- Where – Nepal (Asia)
- Website – www.ffp.org.np
- Contact Person – Padma Prasad Khatiwada
- Email – firstname.lastname@example.org
- Address – Ravi Bhawan, Kathmandu
Areas of Expertise
Friends for Peace has expertise in a range of areas, including:
Main Aims and Objectives
Friends for Peace (FFP) is a membership-based non-profit organisation composed of a team of professionals committed to the study and practice of conflict transformation and sustainable peacebuilding in Nepal.
One of FFP’s main objectives is to establish a credible knowledge base that provides technical expertise on issues of concern to the peace process, whilst facilitating greater participation from civil society to bring about a peaceful transformation of conflict. FFP also aims to enhance the capacity of Nepalese researchers in undertaking research on various dimensions of conflict transformation and peacebuilding.
FFP’s work aims to:
- Organise interactions among civil society leaders, politicians, media personnel and other individuals in order to better understand and address conflict-related issues
- Expand and update the research centre with relevant books, periodicals, magazines, journals and newspapers that will help with the development of knowledge on peace processes
- Facilitate a greater exchange of ideas through seminars, conferences, public forums, informal discussion, and international exchanges
- Synthesise regional, national and international experiences, knowledge and expertise on conflict transformation and peacebuilding
- Establish links with the a range of national and international organisations in order to facilitate the development of relevant research.
Upholding the Principles of Conflict Transformation
FFP was established in May 2004 following an initiative in 2003 at a time of intense armed conflict, when Professor Dr. Mathura Prasad Shrestha (now the Chairperson of FFP) led a ten-member team to Rolpa, the headquarters of the Communist Party of Nepal (CPN) (Maoist), to save the people caught in the conflict. There, the team had a very successful dialogue with the CPN leaders for the peace process, as well as with the serving government and army generals in Kathmandu. Interactive programmes were organized with the people from different walks of societies in different district headquarters and city centres throughout Nepal.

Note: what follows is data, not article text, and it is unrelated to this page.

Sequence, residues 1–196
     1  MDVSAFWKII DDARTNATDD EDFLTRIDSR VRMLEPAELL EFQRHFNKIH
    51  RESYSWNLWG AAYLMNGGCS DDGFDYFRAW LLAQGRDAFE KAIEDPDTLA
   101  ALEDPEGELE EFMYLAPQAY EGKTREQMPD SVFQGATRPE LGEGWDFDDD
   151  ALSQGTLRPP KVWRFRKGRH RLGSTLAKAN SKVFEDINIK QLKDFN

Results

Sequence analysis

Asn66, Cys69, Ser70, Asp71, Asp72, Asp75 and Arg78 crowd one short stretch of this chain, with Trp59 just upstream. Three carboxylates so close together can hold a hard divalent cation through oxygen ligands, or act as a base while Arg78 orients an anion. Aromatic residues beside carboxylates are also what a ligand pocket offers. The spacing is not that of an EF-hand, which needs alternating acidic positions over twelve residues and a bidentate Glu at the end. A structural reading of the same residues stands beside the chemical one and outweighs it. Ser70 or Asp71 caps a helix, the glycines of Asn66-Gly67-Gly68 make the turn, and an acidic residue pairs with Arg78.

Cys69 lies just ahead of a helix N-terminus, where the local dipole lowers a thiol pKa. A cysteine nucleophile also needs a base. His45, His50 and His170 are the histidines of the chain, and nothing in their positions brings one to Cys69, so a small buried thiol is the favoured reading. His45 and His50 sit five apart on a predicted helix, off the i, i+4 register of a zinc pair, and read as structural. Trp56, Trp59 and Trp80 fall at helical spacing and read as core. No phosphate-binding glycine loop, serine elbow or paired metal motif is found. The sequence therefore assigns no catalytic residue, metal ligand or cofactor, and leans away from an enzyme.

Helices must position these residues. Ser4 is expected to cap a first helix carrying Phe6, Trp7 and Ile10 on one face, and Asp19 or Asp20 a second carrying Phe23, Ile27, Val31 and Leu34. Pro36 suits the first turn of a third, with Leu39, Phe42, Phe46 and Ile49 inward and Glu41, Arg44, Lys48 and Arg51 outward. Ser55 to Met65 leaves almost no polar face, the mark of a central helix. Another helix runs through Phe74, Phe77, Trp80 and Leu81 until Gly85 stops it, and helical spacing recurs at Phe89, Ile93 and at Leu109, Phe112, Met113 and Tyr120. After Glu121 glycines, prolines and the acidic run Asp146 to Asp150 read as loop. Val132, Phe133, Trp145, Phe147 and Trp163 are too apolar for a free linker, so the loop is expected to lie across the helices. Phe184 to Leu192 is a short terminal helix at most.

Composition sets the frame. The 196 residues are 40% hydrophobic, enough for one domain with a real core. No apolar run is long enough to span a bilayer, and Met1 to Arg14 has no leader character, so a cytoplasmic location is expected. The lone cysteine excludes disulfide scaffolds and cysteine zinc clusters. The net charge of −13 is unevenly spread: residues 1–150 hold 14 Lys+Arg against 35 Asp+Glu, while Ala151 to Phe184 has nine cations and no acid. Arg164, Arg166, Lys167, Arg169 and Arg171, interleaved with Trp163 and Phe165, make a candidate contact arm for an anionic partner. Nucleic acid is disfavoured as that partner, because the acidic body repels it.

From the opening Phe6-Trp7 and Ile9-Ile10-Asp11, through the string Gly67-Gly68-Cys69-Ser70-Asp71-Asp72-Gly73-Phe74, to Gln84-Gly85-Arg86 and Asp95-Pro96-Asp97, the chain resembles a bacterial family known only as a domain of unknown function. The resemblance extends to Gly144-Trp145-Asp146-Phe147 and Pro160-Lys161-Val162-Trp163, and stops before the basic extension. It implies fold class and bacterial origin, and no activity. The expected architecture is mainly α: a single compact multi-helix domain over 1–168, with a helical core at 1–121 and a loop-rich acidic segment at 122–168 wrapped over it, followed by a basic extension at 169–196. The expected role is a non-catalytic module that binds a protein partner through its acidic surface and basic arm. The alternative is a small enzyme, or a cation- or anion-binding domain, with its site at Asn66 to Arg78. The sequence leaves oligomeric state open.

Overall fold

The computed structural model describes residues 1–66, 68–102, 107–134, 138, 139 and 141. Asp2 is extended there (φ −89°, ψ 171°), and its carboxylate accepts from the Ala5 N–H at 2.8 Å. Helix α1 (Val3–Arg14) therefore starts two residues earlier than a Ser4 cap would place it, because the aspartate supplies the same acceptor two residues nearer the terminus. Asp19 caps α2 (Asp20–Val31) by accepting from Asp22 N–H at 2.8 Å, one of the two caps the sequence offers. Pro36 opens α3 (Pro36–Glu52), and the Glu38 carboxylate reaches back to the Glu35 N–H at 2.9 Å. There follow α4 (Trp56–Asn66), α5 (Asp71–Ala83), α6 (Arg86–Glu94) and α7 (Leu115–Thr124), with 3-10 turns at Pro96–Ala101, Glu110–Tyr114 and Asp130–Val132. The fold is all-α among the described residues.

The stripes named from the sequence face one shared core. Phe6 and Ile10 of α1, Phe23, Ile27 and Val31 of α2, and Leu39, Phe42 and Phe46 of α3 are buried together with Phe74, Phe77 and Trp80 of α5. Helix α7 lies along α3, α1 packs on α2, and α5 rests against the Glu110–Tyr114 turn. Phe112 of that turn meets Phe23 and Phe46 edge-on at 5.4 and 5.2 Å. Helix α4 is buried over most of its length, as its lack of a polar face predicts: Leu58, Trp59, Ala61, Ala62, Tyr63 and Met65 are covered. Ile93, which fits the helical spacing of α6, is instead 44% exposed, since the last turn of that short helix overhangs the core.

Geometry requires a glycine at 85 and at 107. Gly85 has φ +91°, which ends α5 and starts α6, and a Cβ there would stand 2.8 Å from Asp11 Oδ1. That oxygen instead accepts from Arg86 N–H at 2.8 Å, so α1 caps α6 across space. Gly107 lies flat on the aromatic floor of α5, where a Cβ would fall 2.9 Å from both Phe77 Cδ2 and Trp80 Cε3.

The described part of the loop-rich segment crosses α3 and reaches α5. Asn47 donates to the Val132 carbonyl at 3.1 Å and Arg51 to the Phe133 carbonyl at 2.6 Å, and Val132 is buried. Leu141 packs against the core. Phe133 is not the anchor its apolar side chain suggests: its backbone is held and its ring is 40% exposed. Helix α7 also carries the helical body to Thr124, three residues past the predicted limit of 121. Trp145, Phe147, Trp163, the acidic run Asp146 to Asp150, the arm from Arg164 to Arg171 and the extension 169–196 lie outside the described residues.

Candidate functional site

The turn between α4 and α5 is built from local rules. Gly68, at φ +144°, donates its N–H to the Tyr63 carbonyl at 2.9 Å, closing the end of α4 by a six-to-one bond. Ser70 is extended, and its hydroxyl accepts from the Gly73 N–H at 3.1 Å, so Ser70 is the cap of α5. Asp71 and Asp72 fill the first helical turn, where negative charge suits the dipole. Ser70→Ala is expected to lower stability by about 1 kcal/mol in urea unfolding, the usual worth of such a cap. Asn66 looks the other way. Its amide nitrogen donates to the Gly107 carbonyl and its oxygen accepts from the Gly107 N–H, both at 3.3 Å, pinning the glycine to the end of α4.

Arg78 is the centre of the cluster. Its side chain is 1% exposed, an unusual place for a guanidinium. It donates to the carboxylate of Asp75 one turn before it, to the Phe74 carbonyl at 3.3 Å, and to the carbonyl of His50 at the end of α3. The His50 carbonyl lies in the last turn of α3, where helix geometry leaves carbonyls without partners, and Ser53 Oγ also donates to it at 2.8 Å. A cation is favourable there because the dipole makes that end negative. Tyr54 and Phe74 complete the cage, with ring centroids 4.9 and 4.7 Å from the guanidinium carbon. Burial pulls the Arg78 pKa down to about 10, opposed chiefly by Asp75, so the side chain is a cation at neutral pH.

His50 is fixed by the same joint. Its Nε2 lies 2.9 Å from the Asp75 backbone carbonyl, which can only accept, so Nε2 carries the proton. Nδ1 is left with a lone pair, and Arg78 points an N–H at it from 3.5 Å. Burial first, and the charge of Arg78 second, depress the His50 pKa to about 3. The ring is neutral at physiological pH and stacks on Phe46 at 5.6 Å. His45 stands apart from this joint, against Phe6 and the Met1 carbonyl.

Although the first peace dialogue between the rebels and the government failed, FFP continued in their efforts of advocacy and lobbying for the establishment of an inclusive and participatory democracy. Following the success of the 19-day People’s Movement in 2006, FFP members played crucial roles as observers in the historic peace treaty, the Comprehensive Peace Accord (CPA).
FFP is committed to ensuring that its activities reflect the genuine voices and concerns of people at the grassroots level, and facilitates greater participation of individuals and civil society organisations in bringing about a peaceful resolution of conflicts. FFP has conducted research at the district level to document peace initiatives in order to provide firsthand experience of conflict and people’s perceptions. It has also assessed the infrastructural damage and the effects of conflict in economic, cultural, educational and social terms. FFP has also researched the media’s role in conflict, and has developed a regular media monitoring system.
Where and with Whom?